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  • Writer's pictureRosemary Lawrey

43 - Sloop of destiny

I had been making a sporadic series of trips down to the harbour to draw. This particular day was an unpromisingly windy one, with black clouds looming, but I reckoned I could squeeze in an hour before the rain. So I selected a very large, very tough piece of khadi paper to take with me, a bottle of ink and a stick.

Rolling the paper, I tucked it discreetly, as I thought, into a bag so that only 50 cm or so stuck out the top. Trotting up the railway bridge steps towards the marina, I heard a voice “Ooh! Handmade paper! That’s really cool!” The young man who had caught up with me was an obvious aficionado, and appreciated the delicious feel of painting onto paper – handmade or otherwise. At the foot of the steps, we wished one another a good day and parted company, I heading for the shelter and, as I thought, invisibility of the harbour wall, where I unfolded a tiny camping stool and pinned down the said handmade paper with a boot at opposite corners and selected my subject.

Barely had I applied ink to page when I had company once again “What are you doing?” Fearing prosecution for trespass, I raised my head guiltily from my work, relieved when I realised that this was not the harbourmaster about to chase me off the premises but a kindly soul who was simply keen to ensure my precious paper, flapping like a sail, “didn’t turn into a kite”. He searched the ground and contributed a stone to my anchoring system. “Are you doing that one over there?” he pursued. “Do you know anything about it?” I had to confess that I didn’t, beyond the battle-crinkled lines and underdog appearance of the boat that had appealed to me in the first place.

“It’s a steel-hulled sloop” he said. He confided that he was on the look-out for a similar-sized vessel for a “project” he hoped to be embarking on very soon. While we were speaking, a young man arrived at the pontoons, approaching the weatherbeaten boat, and my new friend followed him down towards it, eager for information. He was soon back. “Nah, it’s not right for me… that hull is just 4 mm thick – 4 mm is OK above the waterline, but I need at least 7 mm below the waterline. I’m just waiting for a bus now, I’m going to look at a boat in Falmouth – after that, if it’s the right one, I’m going to sail it to New Zealand. He told me the sad tale of the disappearance of his father from the family home when he was just a boy. Now, in his retirement, he had traced his father to New Zealand, alas just a few weeks too late to find him alive. He resolved to make the trip anyway, as he said, to live out the rest of his days seeking out the people who had known his father and piecing together his story. And he was going to sail his way there, single-handed. That was indeed “a project”.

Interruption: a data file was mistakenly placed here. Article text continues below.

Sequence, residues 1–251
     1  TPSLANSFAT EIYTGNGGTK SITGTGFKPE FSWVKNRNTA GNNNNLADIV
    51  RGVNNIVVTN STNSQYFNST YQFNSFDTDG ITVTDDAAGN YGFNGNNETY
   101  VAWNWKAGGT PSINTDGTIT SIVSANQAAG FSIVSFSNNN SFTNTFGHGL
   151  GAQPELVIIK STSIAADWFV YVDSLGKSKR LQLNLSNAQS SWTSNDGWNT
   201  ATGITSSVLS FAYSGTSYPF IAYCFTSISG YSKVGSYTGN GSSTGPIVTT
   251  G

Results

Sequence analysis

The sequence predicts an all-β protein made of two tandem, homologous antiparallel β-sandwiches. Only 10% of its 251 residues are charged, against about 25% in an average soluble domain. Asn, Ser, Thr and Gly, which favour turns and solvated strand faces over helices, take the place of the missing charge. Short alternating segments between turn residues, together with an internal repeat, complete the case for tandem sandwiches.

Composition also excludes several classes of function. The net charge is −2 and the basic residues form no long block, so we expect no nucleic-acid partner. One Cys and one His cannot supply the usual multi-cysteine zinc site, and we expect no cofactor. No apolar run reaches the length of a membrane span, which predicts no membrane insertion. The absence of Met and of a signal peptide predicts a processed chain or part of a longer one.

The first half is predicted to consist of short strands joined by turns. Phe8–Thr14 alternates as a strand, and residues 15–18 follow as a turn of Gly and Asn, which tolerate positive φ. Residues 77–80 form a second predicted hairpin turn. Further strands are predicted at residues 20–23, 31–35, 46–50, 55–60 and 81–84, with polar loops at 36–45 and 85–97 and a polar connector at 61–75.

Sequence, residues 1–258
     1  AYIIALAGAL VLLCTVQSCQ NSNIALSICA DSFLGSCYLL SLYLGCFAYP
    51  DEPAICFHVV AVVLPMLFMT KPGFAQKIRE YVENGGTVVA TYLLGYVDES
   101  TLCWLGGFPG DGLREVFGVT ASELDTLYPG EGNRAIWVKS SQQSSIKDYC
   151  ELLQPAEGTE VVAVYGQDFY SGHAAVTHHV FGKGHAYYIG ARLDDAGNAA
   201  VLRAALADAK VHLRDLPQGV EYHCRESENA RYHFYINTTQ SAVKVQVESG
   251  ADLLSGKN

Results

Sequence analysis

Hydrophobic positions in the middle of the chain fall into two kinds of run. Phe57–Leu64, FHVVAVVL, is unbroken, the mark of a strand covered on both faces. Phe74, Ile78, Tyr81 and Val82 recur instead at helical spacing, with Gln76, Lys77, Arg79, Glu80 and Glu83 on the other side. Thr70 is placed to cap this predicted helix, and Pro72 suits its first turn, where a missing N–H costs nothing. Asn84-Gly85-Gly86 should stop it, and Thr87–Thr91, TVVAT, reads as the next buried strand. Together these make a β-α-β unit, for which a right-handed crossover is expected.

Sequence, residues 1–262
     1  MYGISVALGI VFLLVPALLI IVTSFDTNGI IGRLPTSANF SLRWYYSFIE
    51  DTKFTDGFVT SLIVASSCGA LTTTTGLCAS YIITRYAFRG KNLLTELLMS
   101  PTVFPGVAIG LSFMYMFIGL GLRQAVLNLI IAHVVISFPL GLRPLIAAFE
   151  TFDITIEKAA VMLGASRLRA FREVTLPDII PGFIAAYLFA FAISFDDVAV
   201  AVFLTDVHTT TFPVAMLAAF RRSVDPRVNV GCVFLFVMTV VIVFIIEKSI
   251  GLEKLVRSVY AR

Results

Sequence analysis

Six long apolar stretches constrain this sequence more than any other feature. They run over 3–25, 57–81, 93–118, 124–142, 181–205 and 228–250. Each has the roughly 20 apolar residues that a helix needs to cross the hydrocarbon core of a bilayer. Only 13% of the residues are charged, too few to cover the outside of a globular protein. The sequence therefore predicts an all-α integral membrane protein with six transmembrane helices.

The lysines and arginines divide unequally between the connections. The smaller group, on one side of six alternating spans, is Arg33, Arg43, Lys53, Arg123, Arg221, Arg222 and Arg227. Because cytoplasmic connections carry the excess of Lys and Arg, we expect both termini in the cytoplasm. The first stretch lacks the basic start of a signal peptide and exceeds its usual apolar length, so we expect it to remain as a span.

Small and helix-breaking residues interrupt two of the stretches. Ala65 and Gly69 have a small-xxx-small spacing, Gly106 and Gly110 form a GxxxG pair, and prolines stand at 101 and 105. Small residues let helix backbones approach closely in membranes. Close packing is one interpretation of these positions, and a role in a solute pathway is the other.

“I’ll go via Gibraltar – there’s a big Morrissons there and I’ll be able to stock up before the voyage.” I was impressed at this planning and sense of adventure. “Have you done this sort of thing before?” I asked. “Nope!” he said happily. “Anyway, I’d best go and catch my bus! Mind you make a drawing, and not a kite!”, and off he went on the first stage of what would, I have no doubt at all, be the journey of a lifetime, leaving me to absorb the incredible story I’d just been told as I made my drawing.

When I came home, I googled "Ryde pier collision" and discovered a little history on my battered sloop. One wild night very recently, she had had to be extricated by the Bembridge coastguard, Calshot lifeboat and Ryde Inshore Rescue when she had sailed slap-bang into the pier. There were further details in a somewhat matter-of-fact report in the Island Echo. Casually the reporter mentioned that, only a few days before colliding with the pier it was thought that the same 40 ft sailing boat had gone aground at Needs Ore Point and been rescued by Lymington RNLI.

A couple of weeks later I revisited the harbour. The boat was not at the pontoon where I had drawn her. Wild imaginings filled my head as I walked on. She had been patched and was now moored up at Morrissons, Gibraltar, waiting to be stacked high with provisions for the expedition ahead. A boat like that needs the wide ocean for a comfortable sail, not the scrawny inlets and nuisance piers of the Solent forever getting in her way. I walked on and found her tethered to the harbour wall – not apparently going anywhere for now. But whenever I see her, in my mind, she will be battling the seas around the Cape of Good Hope, scudding through a chicane of shark fins in the Pacific before crashing triumphantly into a jetty after staggering up some remote New Zealand creek. But I have no doubt that, in reality, those adventures await some other sturdier vessel, and her bold one-man crew.



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